Free and fair elections were one of Zimbabwean President Emmerson Mnangagwa’s central promises when he took power six months ago. But will he deliver? Voters in the capital, Harare, are skeptical.
With general elections provisionally set for July, there are huge expectations abroad but widespread skepticism in Zimbabwe that they will be free and fair as promised by 75-year-old President Emmerson Mnangagwa. The new head of state, who took over after a coup put an end to the 37-year rule of his predecessor, Robert Mugabe, is seen as too much part of the system he is supposed to reform. “Any rational person would at best give the administration and Mnangagwa the benefit of the doubt,” Eldred Masunungure, a political scientist at the University of Zimbabwe, told DW.
There are also growing doubts that the promised reform of the electoral law will be in place in time. “It is clearly too late. You can’t expect the law to be implemented and change the environment in two or three months. It is simply not possible,” Masunungure said.
Fair deal wanted
Negotiations between the government and political parties on how best to reform the electoral system are ongoing. Among other demands, the opposition insists on an equal and fair share of media coverage, especially by public broadcasters. In the past, if the opposition’s campaigns were covered at all, the reporting was mostly along negative lines. On the streets of the capital, Harare, there is no feeling that things have changed on this particular front: “Opposition parties are not getting enough coverage as compared to the ruling party. The ruling party is always on the screen,” one person told DW.
To preclude vote rigging, the opposition and civil society want access to all information on the company that will print the ballots and how many there will be. The government has been stalling on this.
Another potentially contentious issue is campaign financing. All parties have received funding according to their number of representatives in parliament. That naturally means that ZANU-PF got the lion’s share. But suspicions are growing that the governing party has also been receiving funding from elsewhere. They’ve been splurging ahead of the campaign: handing out all-terrain vehicles to their candidates in all 210 constituencies, as well as distributing caps, scarves and shirts, and putting up giant billboards with the president’s portrait, like the one covering the party’s 17-storey high headquarters.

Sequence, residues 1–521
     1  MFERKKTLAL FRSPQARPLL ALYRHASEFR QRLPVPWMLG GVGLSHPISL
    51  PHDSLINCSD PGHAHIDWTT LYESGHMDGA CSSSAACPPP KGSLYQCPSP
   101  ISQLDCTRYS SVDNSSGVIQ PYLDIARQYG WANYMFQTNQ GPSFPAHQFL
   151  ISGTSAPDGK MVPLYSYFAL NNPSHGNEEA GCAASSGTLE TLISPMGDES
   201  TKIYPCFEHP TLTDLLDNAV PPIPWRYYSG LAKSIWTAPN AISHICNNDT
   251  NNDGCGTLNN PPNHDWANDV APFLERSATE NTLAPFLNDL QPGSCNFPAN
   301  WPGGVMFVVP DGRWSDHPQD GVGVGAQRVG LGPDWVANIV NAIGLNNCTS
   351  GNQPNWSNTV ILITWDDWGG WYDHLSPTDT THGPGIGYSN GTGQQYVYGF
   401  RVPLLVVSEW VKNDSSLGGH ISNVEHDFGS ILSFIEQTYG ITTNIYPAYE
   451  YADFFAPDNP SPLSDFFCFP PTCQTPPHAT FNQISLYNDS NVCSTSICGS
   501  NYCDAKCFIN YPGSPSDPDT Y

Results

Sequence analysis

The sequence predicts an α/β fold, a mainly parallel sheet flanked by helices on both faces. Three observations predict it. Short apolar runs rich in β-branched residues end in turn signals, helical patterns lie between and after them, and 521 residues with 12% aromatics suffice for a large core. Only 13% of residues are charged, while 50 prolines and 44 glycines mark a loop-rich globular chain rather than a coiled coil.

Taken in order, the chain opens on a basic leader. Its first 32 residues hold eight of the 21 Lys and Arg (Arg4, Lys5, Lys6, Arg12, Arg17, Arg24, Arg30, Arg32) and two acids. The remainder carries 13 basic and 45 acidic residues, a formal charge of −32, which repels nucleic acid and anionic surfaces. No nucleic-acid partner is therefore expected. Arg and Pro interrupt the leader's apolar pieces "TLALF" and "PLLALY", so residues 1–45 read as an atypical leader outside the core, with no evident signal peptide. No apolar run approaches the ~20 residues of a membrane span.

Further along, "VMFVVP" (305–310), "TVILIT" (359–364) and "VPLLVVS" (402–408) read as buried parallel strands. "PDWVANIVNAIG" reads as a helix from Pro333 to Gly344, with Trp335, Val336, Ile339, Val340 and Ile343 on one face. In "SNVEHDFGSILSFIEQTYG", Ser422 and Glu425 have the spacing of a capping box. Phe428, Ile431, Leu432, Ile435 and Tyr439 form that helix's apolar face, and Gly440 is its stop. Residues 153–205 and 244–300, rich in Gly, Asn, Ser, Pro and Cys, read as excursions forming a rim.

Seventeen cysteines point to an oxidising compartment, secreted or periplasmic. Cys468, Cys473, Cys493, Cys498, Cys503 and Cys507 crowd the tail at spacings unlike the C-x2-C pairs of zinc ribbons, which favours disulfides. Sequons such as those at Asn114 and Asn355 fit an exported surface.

Many people believe that the ruling party is using state resources and also benefitting from financing “that is probably coming from their traditional partners like China and there is a close relationship with Russia that is interested in platinum mining in Zimbabwe,” said DW correspondent Priviliege Musvanhiri. To think that ZANU-PF will be transparent about financing is “wishful thinking,” he added.
Persuasion, not force
There is no tradition of accountability and good governance in Zimbabwe, which was ruled in an autocratic way by Robert Mugabe for almost four decades. But analyst Masunungure says it would be unfair to deny that there have been changes for the better. This applies especially to freedom of speech. The political opposition has been able to hold rallies undisturbed by police harassment or attacks by ZANU-PF supporters, which, Masunungure says, “was the standard reaction, almost a trademark, previously.”
On the streets of Harare, people tend to agree. One resident told DW that, although vote buying is still going on, “personally, I have not witnessed any political violence. This year’s election may be different. We are likely not going to witness open violence, killings and burning of properties.”
This hope is due to President Mnangagwa, who has made an effort to reassure Zimbabweans and the rest of the world and to win his own party’s candidates and supporters over to his point of view. He recently told them: “You can’t force people to vote for you. We can persuade people to vote for us.”
All these steps, including invitations to the European Union and the US to send election observers, have significantly changed the once toxic political environment. “Even in our qualitative studies and our public opinion surveys there is some evidence that the political environment has changed beyond recognition,” political analyst Masunungure said.
But the history of the country – which he calls “a nasty one” – will not allow him to be unreservedly optimistic. Like most of his countrymen, Masunungure is on his guard, waiting to see what will happen after the elections: “Yes, we are skeptical, but at the same time I would call it a healthy skepticism: so far, so good,” he summed up.